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Chapter 1: Designing a C2 Infrastructure

Discussion of C2 infrastructure concepts and design.


In this chapter, we'll be going over the foundational concepts of Command & Control (C2) software and best practices for design. Our goal in this section is to understand what a "good" C2 infrastructure looks like and make plans for a solid foundation that can be built upon with more advanced components.

Basic C2 Setup

Let's start by discussing the design for a basic C2 setup. First, we'll want to have a server that will publish our tasks and receive the results of those tasks (also known as a "listening post"). Next, we want to have a program that will run on a target computer and make contact with our server periodically to find out what tasks to perform, execute those tasks, then respond back with the results (also known as an "implant"). Lastly, we'll want to have a client where an operator can easily create, manage and submit tasks. Tasks could include things like returning information about the computer/network the implant is running on, executing OS commands, enumerating processes/threads, injecting into another process, establishing persistence or stealing credentials for lateral movement. The flow of this setup looks like the diagram below:
There's a number of issues with our basic design in the above diagram. For one, it's a straightforward task for defenders to directly identify your listening post and take targeted action to disrupt the C2 channel. Secondly, it's not segmented, you're doing all your offensive activities through a single channel and from a single server. It's easy for defenders to take down your entire C2.

Adding Resiliency

To make our basic setup more resilient, we can include another server that proxies communication from implants and forwards traffic along to the listening post, also known as a "redirector". With the inclusion of redirectors, you never need to expose the address of your listening post to the implant. Thereby denying this information to any defender who happens to capture/analyze your C2 communications. Another benefit is that you can have multiple redirector addresses in your implants and that way, if one of your redirectors gets taken down or blocked, your implant can simply fall back to using one of the others.
To address the issue of segmentation, you can have multiple listening posts responsible for handling different aspects of your operation. For instance, one way to segment the design is to have a server that handles day-to-day C2 communications and is for "hands on keyboard" type activities where you want instant feedback or "short haul" tasks. Then, you can have another server that would be for re-establishing access in the target network or "long haul" tasks. The idea being, you expect your noisier short haul channel to be taken down regularly and you can use your quieter long haul channel to regain access. Ideally, your long haul C2 channel will have different network/host indicators as well. The flow of this more resilient setup looks like the diagram below:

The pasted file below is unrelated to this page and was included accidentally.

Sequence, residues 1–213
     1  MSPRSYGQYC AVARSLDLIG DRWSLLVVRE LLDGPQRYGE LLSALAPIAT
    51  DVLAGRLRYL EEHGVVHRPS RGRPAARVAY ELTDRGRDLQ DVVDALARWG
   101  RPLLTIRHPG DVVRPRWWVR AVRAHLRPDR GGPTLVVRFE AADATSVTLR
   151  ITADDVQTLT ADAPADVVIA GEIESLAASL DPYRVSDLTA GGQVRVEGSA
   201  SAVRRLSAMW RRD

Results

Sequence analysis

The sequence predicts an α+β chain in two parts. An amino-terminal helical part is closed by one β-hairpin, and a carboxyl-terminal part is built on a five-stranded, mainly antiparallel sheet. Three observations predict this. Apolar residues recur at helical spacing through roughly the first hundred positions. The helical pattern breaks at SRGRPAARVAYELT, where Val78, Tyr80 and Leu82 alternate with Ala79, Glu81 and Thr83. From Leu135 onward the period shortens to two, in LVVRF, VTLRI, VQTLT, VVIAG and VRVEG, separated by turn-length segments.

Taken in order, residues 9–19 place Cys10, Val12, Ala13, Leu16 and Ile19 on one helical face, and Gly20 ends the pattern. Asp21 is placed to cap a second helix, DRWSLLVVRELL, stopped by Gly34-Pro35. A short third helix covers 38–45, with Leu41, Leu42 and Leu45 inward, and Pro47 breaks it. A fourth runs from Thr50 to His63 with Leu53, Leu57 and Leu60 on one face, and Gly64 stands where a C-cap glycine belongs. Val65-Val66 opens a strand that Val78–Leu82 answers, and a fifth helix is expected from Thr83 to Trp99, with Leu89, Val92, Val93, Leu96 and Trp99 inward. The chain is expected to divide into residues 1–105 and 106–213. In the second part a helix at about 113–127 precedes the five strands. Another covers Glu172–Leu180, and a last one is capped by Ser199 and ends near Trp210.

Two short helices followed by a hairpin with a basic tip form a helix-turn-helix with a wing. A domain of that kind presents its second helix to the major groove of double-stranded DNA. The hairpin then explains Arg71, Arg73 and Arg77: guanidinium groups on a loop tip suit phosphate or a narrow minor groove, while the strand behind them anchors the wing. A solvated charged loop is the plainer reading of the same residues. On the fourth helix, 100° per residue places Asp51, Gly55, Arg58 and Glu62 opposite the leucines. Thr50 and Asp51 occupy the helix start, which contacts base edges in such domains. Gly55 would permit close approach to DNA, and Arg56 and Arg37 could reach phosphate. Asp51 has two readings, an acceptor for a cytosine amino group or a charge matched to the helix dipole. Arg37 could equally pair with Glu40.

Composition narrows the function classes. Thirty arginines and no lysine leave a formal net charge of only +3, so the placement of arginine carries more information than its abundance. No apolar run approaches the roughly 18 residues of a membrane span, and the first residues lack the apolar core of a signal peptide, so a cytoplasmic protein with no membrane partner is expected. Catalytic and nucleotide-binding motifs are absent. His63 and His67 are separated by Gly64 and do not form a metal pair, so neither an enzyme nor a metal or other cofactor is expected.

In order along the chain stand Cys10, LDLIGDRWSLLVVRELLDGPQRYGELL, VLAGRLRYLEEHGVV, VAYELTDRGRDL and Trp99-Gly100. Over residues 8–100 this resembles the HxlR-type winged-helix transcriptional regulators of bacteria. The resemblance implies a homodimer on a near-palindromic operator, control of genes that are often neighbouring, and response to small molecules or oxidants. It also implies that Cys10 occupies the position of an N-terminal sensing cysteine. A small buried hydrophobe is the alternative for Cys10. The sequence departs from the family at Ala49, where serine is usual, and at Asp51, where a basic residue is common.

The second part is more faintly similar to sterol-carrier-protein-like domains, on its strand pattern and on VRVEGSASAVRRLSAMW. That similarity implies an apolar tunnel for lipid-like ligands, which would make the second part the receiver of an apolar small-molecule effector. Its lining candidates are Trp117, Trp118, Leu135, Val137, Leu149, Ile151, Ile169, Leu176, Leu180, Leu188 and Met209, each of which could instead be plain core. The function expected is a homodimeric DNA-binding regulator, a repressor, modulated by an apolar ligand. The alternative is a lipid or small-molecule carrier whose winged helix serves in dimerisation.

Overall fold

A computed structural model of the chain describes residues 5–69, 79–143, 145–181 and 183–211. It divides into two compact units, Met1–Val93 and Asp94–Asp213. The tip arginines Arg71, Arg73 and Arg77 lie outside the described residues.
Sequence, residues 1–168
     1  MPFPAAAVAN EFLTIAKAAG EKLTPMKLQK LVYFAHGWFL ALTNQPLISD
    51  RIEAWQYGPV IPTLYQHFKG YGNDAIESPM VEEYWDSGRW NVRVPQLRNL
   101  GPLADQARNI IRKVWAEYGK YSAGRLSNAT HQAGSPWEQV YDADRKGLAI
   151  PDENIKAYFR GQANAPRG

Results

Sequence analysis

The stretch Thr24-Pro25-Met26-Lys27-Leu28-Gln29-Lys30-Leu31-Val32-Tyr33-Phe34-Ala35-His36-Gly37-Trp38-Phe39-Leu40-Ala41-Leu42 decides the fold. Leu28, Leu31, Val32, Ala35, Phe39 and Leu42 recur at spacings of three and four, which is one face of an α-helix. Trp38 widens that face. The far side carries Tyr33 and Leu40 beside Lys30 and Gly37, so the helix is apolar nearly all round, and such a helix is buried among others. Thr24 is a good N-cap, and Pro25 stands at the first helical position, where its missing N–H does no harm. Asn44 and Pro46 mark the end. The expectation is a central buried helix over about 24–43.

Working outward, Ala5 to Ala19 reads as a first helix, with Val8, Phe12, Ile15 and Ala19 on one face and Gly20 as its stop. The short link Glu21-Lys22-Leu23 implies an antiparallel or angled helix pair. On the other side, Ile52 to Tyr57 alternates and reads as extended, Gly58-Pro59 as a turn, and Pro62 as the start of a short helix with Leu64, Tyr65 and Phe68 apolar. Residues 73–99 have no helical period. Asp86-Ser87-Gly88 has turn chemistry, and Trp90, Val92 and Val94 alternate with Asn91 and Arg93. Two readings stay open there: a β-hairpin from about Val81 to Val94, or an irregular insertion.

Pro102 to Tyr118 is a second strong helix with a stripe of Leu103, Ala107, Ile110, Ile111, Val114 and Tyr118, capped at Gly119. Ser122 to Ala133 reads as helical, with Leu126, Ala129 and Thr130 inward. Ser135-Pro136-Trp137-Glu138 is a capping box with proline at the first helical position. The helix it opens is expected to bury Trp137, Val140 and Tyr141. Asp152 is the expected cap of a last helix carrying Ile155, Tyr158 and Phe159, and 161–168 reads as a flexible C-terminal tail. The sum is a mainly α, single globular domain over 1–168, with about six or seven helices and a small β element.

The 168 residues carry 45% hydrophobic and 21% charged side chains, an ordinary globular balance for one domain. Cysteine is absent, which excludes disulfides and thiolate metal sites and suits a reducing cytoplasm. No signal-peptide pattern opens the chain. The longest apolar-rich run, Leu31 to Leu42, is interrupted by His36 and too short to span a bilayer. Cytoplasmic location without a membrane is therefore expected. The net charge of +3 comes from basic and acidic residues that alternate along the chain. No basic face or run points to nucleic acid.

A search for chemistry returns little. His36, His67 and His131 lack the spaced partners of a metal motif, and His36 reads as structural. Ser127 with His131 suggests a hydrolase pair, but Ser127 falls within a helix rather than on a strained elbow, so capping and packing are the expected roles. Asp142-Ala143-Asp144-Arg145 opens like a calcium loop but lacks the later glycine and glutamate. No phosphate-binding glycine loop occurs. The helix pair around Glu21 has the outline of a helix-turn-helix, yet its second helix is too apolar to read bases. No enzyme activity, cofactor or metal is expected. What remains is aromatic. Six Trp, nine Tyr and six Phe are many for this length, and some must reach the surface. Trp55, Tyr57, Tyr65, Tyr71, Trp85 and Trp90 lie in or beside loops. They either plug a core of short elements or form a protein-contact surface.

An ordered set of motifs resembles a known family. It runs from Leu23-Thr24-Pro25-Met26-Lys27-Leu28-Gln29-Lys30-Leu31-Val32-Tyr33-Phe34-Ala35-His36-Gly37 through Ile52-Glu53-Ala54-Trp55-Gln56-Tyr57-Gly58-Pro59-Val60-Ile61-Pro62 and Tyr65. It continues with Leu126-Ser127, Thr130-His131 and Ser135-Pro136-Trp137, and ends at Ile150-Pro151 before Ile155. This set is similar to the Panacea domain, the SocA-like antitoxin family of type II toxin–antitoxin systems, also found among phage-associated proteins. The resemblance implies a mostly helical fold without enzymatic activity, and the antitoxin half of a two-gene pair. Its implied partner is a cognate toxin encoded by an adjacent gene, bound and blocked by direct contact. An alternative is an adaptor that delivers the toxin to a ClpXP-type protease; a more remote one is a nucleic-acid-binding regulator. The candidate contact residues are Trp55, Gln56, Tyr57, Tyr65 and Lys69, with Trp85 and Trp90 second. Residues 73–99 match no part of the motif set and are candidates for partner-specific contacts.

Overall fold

For this book, we're going to be focusing on building a simple setup with just a listening post, implant and an operator client. A section on adding features that turn this project into something more than a basic framework is planned for a Part 2. But, in this primer, we're going to be keeping things simple.

C2 Implant & Listening Post Features

Now that we understand the overall layout of a C2 infrastructure, it's time to go into the details of the listening post and implant features for the basic setup we're starting with. The listening post should allow users to submit tasks and publish them for retrieval by the implant. It should also let users read tasks that have been submitted. Our initial C2 channel will be over HTTP, so the listening post should publish tasks after receiving a GET request from the implant and ingest task results from an implant POST request. We can implement these actions as a REST API to ensure it's easy to integrate with a front-end web framework or CLI client. As for our implant, it should be capable of asynchronous operations so it can continue to communicate with the listening post as it performs tasking. The types of tasks will include the following:
  • Configure implant options
  • Ping
  • Execute system commands
  • Gather process thread information
Finally, we'll want a nice way for us to interact with our listening post as an operator. So, we'll build an operator CLI client that can speak to the listening post. Our command line client will be basic and let us get started with a simple interface that's quick to build. We want it to be capable of allowing an operator to provide new tasks, view a history of sent tasks and fetch results of tasks that were sent.
Our complete C2 framework will be called Natsumi and involve the following major components:
  • Skytree: Our HTTP listening post.
  • RainDoll: Our C2 implant in C++.
  • Fireworks: Our operator CLI client.


With this chapter, we've got an idea of what capabilities a basic C2 framework should provide. We also laid out our plans for the C2 project we'll be building in this book and the features we want it to have. Hopefully, you're excited to get your feet wet and start building things. In Chapter 2, we'll begin our work with a listening post and see how simple it can be to design a REST API for our implants to use. See you in the next chapter!

Further Reading & Next Steps

To learn more about designing a C2 infrastructure, consider taking a look at the following blog articles and resources: